Appendix cancer is a rare variant of cancer that develops in the appendix. Read this article to know more.
An appendix is an organ that is found near the intestine. It is situated in the lower right part of the abdomen. Many researchers say that the appendix is an organ that has no useful function or very few functions. Other medical reports suggest that the appendix plays an important role in maintaining the gut health of the individual. In addition to this, it can also contribute to the functioning of the lymphatic system. It is approximately four inches long and attaches to the intestine. There are higher possibilities for the appendix to get infected and result in a condition called appendicitis.
Cancer is an abnormal and disastrous growth in any part of the healthy tissue. The tremendous growth might decrease the functioning of the cells. When the abnormal cells outweigh the normal cells, it might result in the formation of the tumor or cancer. It can be benign or malignant according to the cells and tissues involved. A type of cancer that originates in the cells of the appendix is known as appendix cancer. It is also known as appendiceal cancer. It is a very rare type of cancer. Less than 100,000 patients have been reported to have appendix cancer in the United States of America.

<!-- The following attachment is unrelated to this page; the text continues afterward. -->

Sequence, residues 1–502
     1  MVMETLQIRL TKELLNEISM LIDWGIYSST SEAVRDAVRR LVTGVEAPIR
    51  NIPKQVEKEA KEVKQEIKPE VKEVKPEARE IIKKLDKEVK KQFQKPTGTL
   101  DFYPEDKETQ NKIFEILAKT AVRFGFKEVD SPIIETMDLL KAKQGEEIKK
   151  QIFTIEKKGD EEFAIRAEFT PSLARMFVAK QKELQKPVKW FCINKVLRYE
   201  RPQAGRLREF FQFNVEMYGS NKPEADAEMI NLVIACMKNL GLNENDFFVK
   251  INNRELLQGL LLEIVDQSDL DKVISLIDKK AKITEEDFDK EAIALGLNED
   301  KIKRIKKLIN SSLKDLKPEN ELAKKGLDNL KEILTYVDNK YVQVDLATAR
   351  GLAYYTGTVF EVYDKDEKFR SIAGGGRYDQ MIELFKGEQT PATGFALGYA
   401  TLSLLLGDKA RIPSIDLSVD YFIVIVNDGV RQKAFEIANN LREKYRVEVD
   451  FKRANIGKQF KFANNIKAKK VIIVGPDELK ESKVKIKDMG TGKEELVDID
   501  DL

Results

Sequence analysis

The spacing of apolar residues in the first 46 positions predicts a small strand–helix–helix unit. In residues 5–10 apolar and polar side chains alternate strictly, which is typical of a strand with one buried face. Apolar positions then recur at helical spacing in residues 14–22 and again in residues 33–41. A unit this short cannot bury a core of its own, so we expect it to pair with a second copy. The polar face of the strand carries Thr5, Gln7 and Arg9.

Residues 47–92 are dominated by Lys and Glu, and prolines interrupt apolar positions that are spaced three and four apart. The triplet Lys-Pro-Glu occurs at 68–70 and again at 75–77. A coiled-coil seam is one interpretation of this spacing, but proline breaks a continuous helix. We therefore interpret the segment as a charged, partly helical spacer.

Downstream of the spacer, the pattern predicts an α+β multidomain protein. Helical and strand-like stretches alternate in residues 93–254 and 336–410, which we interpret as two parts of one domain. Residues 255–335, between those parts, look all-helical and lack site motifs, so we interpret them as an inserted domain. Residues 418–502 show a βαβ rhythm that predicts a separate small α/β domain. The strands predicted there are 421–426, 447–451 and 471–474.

There are different types of appendix cancer:
Mucinous Adenocarcinoma of the Appendix. The mucinous adenocarcinoma can affect both the male and female gender. It can affect people who are more than 60 years of age. The adenocarcinoma is classified as high-grade and low-grade types.
Colonic-Type Adenocarcinoma. Only ten percent of the cancers belong to this category. I might resemble colon cancer. Men are most commonly affected by this type of cancer than women. Aged people have a higher possibility of occurrence.
Neuroendocrine Carcinoma. The other name for neuroendocrine carcinoma is known as carcinoid tumor. These cells are formed within the walls of the bowel. Most of the appendix cancers belong to this category. This type of cancer has a severe potential to spread and can be treated well with surgical options.